A new and revised edition of Dyer’s classic book, widely regarded as one of the most compelling analyses of the history of armed conflict.
“War is part of our history, but it is not in at all the same sense part of our prehistor A new and revised edition of Dyer’s classic book, widely regarded as one of the most compelling analyses of the history of armed conflict.
“War is part of our history, but it is not in at all the same sense part of our prehistory. It is one of the innovations that occurred between nine and eleven thousand years ago when the first civilized societies were coming into being. What has been invented can be changed; war is not in our genes.”
With this provocative statement, Gwynne Dyer launches his brilliant discussion of the history and nature of war. He traces the growth of organized warfare through history, showing conclusively that the basic tenet has remained unchanged — war is an act of mass violence applied against an enemy so that he will do what you want him to do. The only real change has been technological, permitting us to make war on a mass scale.
At the height of the Cold War, just such a global conflagration seemed almost inevitable. But the collapse of the Iron Curtain and the ensuing political changes have forced a re-examination of the accepted fundamentals of history. Will open access to the channels of mass communication create enough shared values that we can move beyond mass warfare? Is the threat of terrorism a red herring designed to preserve the military status quo? Are our traditional military and administrative hierarchical structures still relevant?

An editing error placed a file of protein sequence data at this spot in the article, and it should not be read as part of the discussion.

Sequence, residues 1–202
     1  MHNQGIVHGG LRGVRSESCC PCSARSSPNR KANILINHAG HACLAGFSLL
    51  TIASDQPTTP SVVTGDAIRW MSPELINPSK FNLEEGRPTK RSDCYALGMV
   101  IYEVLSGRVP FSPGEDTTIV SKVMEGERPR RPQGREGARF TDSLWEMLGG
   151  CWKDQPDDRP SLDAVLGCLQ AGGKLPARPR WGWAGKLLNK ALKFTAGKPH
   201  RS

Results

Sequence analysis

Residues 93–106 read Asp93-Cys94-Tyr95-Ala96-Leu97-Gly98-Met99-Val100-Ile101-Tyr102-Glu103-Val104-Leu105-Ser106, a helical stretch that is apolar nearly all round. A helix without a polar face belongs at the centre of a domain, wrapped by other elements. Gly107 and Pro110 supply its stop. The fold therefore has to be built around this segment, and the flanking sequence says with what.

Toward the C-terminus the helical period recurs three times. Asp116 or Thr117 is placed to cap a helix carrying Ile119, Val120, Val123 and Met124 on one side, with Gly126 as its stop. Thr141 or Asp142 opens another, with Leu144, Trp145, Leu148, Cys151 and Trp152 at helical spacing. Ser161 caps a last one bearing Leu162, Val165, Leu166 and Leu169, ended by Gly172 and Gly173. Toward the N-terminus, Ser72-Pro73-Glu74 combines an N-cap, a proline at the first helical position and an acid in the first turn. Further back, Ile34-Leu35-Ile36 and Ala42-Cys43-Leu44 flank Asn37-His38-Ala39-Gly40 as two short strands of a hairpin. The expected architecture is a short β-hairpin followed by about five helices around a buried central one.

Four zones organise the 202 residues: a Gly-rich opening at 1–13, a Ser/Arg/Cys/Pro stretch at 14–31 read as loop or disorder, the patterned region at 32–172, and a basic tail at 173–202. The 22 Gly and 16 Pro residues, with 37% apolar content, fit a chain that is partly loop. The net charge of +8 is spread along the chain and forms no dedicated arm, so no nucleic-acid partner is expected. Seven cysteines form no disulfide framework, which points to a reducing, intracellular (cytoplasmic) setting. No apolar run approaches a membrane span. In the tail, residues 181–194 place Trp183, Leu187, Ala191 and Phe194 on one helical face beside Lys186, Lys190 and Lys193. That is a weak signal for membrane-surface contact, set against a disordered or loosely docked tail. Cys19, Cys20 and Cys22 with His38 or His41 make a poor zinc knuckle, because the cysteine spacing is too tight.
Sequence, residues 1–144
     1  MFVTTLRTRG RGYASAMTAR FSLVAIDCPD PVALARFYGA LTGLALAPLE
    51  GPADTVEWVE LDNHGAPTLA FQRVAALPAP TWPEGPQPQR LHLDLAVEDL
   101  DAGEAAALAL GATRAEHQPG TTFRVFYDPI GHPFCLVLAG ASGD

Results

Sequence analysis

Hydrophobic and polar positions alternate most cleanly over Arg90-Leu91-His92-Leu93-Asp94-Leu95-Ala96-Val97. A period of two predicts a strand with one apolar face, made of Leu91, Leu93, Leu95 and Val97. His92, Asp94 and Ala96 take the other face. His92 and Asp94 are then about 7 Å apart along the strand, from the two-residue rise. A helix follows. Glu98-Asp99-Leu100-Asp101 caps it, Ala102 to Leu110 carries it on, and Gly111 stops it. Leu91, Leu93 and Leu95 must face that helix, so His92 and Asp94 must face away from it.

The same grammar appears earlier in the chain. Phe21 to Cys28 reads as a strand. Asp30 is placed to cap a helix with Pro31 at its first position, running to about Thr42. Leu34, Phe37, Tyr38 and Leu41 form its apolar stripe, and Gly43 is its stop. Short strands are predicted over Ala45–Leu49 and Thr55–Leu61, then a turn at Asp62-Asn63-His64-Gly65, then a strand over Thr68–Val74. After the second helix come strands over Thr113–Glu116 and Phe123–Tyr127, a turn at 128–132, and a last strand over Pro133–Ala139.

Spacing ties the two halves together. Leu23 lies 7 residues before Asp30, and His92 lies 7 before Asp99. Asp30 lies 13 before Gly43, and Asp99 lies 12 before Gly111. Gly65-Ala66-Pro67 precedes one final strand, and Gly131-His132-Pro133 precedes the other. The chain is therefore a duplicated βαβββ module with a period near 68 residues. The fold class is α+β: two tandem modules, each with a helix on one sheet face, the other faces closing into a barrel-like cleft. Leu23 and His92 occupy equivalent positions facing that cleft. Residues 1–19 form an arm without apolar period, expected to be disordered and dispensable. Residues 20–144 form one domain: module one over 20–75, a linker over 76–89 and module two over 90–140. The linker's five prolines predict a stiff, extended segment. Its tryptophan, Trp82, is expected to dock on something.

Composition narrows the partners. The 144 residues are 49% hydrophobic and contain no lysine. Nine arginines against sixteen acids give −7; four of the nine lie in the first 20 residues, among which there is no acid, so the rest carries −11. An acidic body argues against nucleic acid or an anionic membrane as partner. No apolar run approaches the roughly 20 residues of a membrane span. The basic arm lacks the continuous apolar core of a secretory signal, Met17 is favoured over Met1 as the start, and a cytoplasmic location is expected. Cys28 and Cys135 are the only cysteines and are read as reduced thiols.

Now, more than ever in our post–September 11 world, we need Gwynne Dyer’s expertise to understand the greatest and most human drama — the act of war.
Excerpt from War The Siamese twins, army and state, have never been separated since they were born some eight or nine thousand years ago — and most of the time the state is the stronger of the twins. Armies exist to serve the interests of the state that owns them and their legitimacy comes solely from the fact that they belong to states; similar groups of armed men, if self-employed, are generally known as rebels or bandits. This is the context in which warfare, as opposed to casual and illegitimate violence, must be seen: it is something states do, and have always done, because they believe it serves their interest.